I hope you can all find some measure of clarity in these pictures; it was a rainy day.
This is the tutorial for the faux opals I made in the previous post, in case you are mightily confused.
The Necessary Materials:
- Translucent white polymer clay of some description (whatever brand you like, I used Sculpey.)
- Something to color it with – either small bits of colored clay, chalk pastel powder, mica powders – whatever you want to use.
- Iridescent glitter – the confetti flake type might work best, but I had tinsel glitter, so that’s what I used. I’d avoid round glitter or glitter that’s a very regular shape, unless you like that look.
- A craft knife – you’ll need to cut some thin slices, so a scalpel/Xacto type with a handle might not work as well as a flat blade.
- Hole-poking tools of some description (if you need them, I used a ball tool.)
- A polymer-clay safe gloss glaze.
- Jewelry findings, depending on what you want to make it into.
Start with conditioning your translucent clay. I separated it into small bits so I could add some mica powders to color them in a few pastel colors. You want to keep one large portion white. Keep in mind that translucent colors tend to deepen when baked, so don’t add too much pigment (I did that with a few colors :/)
(This is the type of glitter I used, in pink and white. Flake or confetti glitter, which I could not locate, would probably have worked better.)
Start with a small chunk of the white translucent. Slice a thin piece of one of the colors and press them together.
Continue with more colors. You want to layer them patchily over each other, with varying sizes. Don’t worry about the shape yet.
Do keep adding white slices between some colors, to make sure they don’t blend too much into each other. Unlike the rest of life, it should be predominantly white.
Because I wanted to make a few things from this chunk, I cut it into pieces with the blade. As you can see, the cross section looks much like an anatomical chart of a unicorn’s brain.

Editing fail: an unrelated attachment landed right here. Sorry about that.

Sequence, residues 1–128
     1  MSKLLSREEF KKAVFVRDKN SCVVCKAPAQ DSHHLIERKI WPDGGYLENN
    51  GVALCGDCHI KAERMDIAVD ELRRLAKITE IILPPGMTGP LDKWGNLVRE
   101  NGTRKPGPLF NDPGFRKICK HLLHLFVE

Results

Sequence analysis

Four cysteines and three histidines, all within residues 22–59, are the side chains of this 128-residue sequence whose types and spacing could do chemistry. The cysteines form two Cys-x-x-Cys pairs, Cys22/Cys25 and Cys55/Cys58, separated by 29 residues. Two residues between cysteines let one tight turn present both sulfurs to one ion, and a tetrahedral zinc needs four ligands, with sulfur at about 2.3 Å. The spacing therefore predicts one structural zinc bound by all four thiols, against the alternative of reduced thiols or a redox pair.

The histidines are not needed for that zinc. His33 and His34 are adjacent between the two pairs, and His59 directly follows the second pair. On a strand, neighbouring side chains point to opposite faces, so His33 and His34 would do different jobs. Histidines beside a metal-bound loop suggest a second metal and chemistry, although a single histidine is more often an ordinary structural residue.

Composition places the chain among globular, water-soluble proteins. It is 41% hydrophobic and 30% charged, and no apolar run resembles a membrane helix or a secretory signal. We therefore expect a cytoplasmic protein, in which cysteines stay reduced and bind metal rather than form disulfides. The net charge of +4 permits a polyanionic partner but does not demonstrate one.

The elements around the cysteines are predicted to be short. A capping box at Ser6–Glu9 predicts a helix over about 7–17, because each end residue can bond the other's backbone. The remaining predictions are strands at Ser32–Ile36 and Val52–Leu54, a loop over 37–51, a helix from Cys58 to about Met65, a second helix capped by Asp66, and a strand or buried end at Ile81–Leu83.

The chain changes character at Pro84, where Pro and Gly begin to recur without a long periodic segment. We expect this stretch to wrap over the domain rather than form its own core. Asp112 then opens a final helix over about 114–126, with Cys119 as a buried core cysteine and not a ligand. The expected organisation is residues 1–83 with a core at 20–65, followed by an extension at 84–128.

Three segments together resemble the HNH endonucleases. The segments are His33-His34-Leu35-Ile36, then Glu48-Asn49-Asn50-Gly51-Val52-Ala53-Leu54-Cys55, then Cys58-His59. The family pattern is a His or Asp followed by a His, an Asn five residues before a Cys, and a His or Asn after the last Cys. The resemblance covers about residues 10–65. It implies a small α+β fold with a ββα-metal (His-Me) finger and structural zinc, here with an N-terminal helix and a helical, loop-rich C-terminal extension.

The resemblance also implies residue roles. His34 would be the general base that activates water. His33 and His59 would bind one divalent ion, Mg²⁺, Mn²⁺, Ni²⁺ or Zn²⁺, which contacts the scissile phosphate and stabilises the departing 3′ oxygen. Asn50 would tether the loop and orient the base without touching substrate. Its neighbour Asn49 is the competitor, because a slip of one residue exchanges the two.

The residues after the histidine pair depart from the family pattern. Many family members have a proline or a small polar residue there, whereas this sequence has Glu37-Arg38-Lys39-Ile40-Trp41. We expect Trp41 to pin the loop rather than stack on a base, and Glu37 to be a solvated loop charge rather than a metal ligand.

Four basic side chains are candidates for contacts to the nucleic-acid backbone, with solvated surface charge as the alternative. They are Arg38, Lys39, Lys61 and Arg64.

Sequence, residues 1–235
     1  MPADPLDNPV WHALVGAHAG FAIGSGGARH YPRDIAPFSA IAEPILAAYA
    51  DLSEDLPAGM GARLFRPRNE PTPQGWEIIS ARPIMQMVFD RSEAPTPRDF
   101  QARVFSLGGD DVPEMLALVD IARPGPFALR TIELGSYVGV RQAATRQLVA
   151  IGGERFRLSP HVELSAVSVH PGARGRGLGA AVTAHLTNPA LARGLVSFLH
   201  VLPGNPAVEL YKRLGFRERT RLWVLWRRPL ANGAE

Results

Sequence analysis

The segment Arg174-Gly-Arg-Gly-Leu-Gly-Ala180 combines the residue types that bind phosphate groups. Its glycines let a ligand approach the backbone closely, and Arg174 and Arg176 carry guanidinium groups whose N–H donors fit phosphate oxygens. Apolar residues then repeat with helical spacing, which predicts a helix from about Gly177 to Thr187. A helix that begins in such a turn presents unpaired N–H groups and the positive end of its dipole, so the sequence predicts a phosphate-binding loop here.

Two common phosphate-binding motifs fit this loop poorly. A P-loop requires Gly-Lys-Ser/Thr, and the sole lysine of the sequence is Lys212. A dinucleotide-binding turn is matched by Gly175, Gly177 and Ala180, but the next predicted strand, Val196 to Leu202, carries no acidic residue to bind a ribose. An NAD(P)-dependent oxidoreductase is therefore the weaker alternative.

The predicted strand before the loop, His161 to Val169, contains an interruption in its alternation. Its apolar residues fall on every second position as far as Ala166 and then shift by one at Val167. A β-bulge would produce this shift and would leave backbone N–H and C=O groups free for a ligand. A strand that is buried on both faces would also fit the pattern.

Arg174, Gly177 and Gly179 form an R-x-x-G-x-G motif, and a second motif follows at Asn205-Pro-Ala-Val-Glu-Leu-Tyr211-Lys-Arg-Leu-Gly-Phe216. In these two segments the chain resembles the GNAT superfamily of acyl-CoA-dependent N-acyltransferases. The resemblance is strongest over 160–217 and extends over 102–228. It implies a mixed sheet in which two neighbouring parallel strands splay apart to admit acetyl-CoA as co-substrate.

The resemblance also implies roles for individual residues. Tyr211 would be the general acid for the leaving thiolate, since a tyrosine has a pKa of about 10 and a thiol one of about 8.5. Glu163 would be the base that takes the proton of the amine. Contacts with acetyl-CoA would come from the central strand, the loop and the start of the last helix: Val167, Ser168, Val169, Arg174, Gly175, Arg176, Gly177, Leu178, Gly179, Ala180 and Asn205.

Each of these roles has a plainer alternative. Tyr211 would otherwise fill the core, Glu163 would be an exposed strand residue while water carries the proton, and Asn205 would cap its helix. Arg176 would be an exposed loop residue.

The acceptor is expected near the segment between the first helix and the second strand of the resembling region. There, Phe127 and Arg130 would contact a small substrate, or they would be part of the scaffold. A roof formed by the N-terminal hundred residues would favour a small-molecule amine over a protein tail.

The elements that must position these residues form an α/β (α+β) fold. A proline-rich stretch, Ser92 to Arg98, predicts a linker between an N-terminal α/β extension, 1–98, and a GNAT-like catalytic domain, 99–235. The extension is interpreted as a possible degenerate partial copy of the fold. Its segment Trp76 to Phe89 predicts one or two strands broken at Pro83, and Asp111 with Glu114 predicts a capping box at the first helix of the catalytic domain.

Smooth down all the edges and smush it into an approximation of the shape you want. I added a bit of glitter here and there over the top.
Cut or roll some very thin slices of white translucent. (The one in the picture is not very thin, nor white, but I’m sure you can do better than me.)
You don’t want the edges to be straight whatsoever – pull at them to roughen them up a bit.
Layer them over the top of your shaped pieces – they don’t have to cover the whole piece, but should cover the majority.
Continue for all your pieces.
This is the fun part: using your blade, cut slices away from the surface to create facets and to reveal some of the colors underneath. Use a reference picture if you need to, but it’s pretty easy. Vary the size of the facets, and unless you’re going for a very uniform faceted stone, try not to put a large one directly in the middle. You could also use a stone mold if you have one, but seeing as I am a peasant and I do not own anything so exciting I did it this way.
Keep at it until you like the look of the stone. After baking, I realized the pink was coming on too strong so I ended up putting a bit more translucent over the top and baking again, so let this be a lesson in not overpigmenting your clay!
Repeat for your other pieces – as you can see, the bigger the stone, the more facets you can put in, but the little ones look pretty cool too, I think. I pierced a hole in the teardrop shape, and added a few scratches with the blade. I also added a bit of liquid clay on the back around the hole to strengthen it. I used a ball tool and the end of a crochet hook to make the hole, but make sure you open it up from the back of the piece as well to make sure it’s open all the way through.
So, before baking:
I brushed on a layer of clear polyurethane gloss. The colors do intensify after baking, so do be careful when mixing your initial colors, but you can of course vary the depths of the colors according to what you want it to look like.
Add some jewelry findings, and you’re done!
(I suppose this is more a rainbow moon rock/unicorn bezoar than a realistic opal, but shush.)